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3.8 out of 5 stars
Piracy: The Intellectual Property Wars from Gutenberg to Gates
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17 of 18 people found the following review helpful
on April 5, 2010
Adrian Johns' PIRACY is a wide-ranging and expansive view of a subject that is of intense interest as books, music and movies shift to digital dissemination. Johns' great gift is his ability to present the historical context of the piracy of intellectual property and he offers a sweeping narrative that's full of really interesting tidbits. Ultimately, Johns positions today's piracy of digital media within the context of a never-ending struggle between commerce and creativity. A great book that will be read and argued for many years.
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16 of 17 people found the following review helpful
Dry as dust but extremely informative and leaves the reader with a solid historical foundation of Piracy. A little conservative but when dealing with Piracy I'm inclined to agree. Worth your time...but like all University of Chicago texts this one will test your commitment to the process.

Highly recommended for the committed reader and amateur historians.
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2 of 2 people found the following review helpful
In normal usage, a pirate is a blackguard who attacks ships and kills at will. But there is another way in which the word is used, someone who copies a book or product for personal gain. That is why we have laws protecting authors (copyright) and inventors (patents), so that they may be encouraged to write or develop a new product or process. In this magisterial book by Johns, the author traces the history of piracy of books and products through the ages, but especially from the revolutionary development of printing by Gutenberg in about 1450. Before him, books were handwritten by scribes and were very expensive, but after, they became cheaper, and printed books heralded a new age of knowledge. With popular books, the question of reprinting cropped up, and who owned the right to reprint a work. In Britain, the right came to be owned by the bookseller, and a system of registration evolved with The Stationers Hall, one of the guilds of the City of London. The monopoly was broken effectively by extensive piracy of books in the Ireland and Scotland, followed by the new United States. Indeed, the USA pirated not just books, but industrial products as it tried to build a flourishing manufacturing base. Such amazing but forgotten topics are dealt with in forensic detail by Johns, who is clearly a master of the subject. Copyright theft was widespread during the Victorian period, as a result of the second revolution in printing, the use of the steam-powered printing press, which produced books at a fraction of previous prices. Authors like Charles Dickens suffered at the hands of the pirates in the USA, who often edited the original text in unusual ways, not approved by the author.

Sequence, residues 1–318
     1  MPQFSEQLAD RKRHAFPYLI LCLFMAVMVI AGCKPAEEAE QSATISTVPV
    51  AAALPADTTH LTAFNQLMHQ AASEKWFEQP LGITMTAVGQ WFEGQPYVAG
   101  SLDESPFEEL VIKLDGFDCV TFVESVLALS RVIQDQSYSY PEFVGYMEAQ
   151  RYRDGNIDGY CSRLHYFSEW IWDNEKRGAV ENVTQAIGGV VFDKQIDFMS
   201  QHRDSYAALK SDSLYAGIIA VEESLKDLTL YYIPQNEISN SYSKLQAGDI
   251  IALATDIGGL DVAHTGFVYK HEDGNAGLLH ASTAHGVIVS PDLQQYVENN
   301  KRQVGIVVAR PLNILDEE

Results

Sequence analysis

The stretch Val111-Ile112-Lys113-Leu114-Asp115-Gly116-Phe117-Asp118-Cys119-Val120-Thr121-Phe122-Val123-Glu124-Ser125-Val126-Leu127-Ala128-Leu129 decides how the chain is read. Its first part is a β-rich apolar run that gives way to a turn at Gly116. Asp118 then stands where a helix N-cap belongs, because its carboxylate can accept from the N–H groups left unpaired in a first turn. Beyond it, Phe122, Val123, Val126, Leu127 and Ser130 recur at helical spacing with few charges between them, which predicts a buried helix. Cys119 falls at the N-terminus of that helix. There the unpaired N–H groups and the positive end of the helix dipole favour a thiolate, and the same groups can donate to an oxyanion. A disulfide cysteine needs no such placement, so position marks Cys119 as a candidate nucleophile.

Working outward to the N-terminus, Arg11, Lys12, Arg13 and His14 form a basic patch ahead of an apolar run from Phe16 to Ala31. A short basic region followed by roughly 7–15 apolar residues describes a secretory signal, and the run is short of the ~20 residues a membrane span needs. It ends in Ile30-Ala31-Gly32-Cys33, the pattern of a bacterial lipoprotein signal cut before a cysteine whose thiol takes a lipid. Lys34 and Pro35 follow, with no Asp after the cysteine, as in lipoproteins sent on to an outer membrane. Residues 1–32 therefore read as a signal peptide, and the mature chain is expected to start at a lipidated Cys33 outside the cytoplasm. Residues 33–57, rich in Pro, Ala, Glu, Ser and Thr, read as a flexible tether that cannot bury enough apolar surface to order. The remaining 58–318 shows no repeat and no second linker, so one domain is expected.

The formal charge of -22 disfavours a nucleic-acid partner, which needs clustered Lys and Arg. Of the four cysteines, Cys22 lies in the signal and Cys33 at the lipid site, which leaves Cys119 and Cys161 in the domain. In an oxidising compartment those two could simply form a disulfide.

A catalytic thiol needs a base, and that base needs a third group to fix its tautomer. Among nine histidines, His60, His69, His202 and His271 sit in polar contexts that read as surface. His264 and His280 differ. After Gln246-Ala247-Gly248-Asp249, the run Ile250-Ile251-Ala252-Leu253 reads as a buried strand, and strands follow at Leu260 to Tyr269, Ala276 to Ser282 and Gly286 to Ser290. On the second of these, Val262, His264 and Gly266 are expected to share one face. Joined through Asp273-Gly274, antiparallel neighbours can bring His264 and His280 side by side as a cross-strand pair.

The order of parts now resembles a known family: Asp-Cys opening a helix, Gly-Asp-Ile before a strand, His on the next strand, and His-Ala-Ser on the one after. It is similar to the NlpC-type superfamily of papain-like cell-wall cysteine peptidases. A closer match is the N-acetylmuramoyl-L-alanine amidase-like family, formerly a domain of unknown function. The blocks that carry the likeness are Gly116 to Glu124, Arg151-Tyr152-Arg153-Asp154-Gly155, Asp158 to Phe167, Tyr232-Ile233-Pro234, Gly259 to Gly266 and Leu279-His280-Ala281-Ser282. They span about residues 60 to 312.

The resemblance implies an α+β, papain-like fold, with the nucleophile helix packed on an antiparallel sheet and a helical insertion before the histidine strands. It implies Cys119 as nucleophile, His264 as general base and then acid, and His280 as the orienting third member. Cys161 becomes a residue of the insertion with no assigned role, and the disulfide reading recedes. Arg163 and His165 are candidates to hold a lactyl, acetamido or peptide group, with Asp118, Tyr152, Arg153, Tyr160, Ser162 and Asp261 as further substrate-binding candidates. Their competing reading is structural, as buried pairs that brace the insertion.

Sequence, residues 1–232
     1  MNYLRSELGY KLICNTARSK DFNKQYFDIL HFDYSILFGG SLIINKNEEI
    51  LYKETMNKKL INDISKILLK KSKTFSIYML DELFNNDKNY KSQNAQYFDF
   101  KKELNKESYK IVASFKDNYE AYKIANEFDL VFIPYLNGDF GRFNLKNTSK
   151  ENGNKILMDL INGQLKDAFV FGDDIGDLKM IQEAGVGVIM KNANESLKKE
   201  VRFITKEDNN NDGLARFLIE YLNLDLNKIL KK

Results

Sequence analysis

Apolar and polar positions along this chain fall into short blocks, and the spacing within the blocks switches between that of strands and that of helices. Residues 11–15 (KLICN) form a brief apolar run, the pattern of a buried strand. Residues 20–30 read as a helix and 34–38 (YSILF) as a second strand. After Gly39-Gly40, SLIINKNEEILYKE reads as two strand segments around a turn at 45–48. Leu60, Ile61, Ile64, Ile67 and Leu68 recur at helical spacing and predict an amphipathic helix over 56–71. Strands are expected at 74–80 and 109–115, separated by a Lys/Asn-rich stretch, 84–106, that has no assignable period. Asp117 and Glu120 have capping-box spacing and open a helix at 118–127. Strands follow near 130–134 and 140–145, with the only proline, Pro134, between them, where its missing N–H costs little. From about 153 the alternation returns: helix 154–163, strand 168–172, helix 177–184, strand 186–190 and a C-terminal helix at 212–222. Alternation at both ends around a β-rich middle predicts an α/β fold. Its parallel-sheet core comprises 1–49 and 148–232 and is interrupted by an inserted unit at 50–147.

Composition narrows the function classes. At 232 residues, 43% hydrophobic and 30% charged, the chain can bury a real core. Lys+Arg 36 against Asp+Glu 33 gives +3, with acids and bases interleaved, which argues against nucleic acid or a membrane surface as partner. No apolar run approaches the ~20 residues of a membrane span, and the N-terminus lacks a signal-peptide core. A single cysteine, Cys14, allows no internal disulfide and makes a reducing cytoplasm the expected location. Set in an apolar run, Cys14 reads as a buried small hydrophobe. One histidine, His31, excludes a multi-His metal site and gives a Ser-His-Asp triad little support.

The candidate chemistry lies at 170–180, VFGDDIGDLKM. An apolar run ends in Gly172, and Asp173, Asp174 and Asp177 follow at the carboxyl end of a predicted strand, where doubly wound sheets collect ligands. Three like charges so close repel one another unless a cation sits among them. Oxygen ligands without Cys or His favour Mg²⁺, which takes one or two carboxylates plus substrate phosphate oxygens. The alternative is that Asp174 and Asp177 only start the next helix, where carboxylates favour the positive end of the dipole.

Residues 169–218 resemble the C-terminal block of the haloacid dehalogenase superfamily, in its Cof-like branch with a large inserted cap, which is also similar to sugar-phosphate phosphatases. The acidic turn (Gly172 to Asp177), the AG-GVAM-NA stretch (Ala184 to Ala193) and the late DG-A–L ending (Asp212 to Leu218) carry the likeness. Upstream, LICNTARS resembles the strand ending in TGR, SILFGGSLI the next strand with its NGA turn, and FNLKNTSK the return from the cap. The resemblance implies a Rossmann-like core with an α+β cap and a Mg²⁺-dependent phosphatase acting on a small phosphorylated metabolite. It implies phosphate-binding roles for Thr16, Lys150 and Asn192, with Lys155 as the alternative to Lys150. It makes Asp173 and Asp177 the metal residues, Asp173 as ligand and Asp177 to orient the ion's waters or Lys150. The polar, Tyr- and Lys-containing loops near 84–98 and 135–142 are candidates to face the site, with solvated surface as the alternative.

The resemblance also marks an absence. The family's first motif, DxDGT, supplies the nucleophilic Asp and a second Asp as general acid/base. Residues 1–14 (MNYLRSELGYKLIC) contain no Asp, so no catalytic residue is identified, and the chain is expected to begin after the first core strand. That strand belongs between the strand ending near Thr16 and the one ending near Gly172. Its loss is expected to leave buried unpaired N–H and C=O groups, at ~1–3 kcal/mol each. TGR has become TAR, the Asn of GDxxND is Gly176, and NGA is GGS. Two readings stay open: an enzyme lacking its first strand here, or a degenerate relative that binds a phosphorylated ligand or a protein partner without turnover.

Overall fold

After agreement on an international system of copyright in the late Victorian period, matters were stabilized. However, we are now in the throes of a third revolution, digitisation of books, or ebooks. Books can be copied by scanning their contents, and massive projects have been born to digitise all books. While the Gutenberg project only digitises out-of-copyright books, the internet giant Google has been busy digitising in-copyright books without authorisation. A large court case is currently underway in the USA between authors and the company, a dispute yet to be resolved. Meanwhile, internet piracy of ebooks is widespread, especially in countries like Russia and China where the law is weak and vague. Two of my own books have been pirated fopr exmaple, and there seems to be no way of preventing illicit copying. Battles are being fought in other copyright areas such as popular music where downloading is rife among consumers. It makes this book very timely, and no doubt will need to be revised sooner rather than later as the target moves. This book is thus highly recommended if you want to understand the background to the problems of enforcing copyright in the internet world.
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on February 28, 2015